Monday, December 6, 2010

homoeoteleuton-like errors without the features

It seems to me an important observation that in considering the existing variant units, there will always be some that aren't identified as homoeoteleuton-like accidental errors, because they lack the obvious features.

That is, our list of homeoteleuton errors will always be smaller than the actual number caused by line-skip/eye-slip mistakes. Some will always get through, and leave us puzzling as to what actually happened, when actually it was just another scribal blunder.

We should always consequently suspect that a significant number of other variant units are also simply clumsy omissions, and this option ought to be considered in almost every case of apparent omission/addition, even when features may suggest by coincidence that the omission/addition was deliberate or theologically influenced.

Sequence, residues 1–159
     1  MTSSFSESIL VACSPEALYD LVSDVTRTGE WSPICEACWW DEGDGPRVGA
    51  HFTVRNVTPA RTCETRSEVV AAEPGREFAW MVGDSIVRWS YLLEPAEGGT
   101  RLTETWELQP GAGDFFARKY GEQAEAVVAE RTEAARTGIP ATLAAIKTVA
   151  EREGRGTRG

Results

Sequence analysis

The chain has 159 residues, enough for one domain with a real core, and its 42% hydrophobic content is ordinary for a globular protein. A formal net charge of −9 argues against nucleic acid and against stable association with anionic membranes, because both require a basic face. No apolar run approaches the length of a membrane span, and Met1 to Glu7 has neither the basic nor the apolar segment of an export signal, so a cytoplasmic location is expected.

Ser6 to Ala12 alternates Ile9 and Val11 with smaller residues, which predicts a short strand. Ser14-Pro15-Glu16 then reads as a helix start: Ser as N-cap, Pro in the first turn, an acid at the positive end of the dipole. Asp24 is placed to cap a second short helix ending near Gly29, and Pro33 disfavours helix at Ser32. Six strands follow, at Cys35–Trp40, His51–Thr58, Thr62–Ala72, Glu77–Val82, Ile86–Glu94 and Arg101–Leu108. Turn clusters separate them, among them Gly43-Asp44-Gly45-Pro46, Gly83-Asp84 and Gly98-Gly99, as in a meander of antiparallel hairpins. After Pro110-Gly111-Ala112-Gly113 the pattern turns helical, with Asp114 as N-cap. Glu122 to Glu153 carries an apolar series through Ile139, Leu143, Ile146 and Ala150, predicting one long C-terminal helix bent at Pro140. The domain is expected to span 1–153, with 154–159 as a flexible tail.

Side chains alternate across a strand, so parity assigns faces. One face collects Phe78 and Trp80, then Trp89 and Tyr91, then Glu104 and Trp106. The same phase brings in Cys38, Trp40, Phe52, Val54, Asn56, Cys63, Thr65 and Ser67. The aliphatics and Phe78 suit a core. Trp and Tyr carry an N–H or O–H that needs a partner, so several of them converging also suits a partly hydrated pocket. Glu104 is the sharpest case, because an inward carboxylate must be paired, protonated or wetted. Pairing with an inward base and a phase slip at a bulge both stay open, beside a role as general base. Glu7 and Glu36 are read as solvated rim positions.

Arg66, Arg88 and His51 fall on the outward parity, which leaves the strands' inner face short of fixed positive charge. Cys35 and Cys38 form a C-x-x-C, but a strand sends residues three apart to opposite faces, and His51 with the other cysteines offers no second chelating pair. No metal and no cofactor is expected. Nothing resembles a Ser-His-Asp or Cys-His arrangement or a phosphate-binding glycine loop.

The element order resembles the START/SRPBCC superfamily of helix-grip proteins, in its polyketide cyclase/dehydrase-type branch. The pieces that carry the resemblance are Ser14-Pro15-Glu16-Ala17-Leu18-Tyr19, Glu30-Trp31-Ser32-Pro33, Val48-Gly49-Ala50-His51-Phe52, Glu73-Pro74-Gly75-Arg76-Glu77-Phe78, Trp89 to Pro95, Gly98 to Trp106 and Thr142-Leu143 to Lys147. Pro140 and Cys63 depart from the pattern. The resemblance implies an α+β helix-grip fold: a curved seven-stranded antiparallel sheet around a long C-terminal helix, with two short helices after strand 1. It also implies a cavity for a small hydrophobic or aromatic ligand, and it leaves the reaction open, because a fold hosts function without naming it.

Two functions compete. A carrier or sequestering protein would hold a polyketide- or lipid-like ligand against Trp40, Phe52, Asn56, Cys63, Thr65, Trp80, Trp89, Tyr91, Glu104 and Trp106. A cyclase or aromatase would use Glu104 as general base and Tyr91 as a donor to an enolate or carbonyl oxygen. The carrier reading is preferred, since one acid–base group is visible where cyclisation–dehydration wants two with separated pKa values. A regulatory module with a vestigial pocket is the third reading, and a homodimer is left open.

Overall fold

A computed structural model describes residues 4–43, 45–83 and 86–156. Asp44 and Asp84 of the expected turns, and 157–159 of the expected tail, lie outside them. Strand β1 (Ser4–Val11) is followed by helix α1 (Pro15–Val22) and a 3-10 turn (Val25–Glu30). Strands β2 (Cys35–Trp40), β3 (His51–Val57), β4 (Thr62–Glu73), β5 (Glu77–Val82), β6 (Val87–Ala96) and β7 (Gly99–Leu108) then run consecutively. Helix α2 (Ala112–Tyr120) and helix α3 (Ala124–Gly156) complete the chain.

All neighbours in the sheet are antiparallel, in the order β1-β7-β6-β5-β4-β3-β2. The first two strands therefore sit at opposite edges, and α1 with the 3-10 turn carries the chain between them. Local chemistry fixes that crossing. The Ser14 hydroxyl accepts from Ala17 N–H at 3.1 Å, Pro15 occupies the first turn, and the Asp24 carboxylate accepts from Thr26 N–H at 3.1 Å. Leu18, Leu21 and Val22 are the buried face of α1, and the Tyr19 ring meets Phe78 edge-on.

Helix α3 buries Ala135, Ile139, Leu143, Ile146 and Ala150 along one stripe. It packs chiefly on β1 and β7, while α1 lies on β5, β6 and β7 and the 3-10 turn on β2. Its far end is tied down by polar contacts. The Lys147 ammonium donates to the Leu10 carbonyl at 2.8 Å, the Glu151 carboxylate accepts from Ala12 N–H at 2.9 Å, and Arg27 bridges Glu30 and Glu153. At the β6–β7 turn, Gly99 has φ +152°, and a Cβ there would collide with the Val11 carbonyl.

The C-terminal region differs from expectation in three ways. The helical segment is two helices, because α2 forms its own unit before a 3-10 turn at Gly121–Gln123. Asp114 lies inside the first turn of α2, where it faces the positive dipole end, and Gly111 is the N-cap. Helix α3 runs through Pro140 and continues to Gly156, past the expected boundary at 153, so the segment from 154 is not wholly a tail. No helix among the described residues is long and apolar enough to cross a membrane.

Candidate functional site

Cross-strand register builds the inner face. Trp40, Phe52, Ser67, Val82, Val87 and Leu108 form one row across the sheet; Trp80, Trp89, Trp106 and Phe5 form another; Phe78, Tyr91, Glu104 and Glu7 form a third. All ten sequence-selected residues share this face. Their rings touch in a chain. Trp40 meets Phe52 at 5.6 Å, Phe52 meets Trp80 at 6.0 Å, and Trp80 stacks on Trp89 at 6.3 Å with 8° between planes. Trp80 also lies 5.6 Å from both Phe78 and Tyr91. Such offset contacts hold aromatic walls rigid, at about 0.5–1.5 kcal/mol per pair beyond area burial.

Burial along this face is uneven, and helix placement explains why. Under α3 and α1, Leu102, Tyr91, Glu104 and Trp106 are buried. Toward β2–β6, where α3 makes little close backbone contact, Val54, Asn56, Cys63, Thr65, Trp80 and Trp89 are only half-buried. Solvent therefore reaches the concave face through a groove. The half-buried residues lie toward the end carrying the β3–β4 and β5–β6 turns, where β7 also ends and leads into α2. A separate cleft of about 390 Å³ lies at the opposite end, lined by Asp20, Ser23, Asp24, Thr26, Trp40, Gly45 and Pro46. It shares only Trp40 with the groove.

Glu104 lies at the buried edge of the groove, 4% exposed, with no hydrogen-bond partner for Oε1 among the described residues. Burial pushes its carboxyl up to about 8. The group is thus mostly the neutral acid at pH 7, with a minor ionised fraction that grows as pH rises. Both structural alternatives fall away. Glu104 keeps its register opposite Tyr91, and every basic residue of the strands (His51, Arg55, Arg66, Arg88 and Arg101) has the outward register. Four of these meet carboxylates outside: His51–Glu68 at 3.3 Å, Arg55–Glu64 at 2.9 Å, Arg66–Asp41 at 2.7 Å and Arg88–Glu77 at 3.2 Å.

1 comment:

  1. If I understand you correctly, you are saying that the existance of yet more undetected haplographic skips increases the probability of correct identification of homoioteleuton errors.

    I think there is a logical fallacy in there somewhere, because they are independent events. The fact of other accidental omissions cannot increase the probability of successful identification of the ones we have independently selected via homoioteleuton features in the Variation Unit.

    Have you got something you haven't shown us?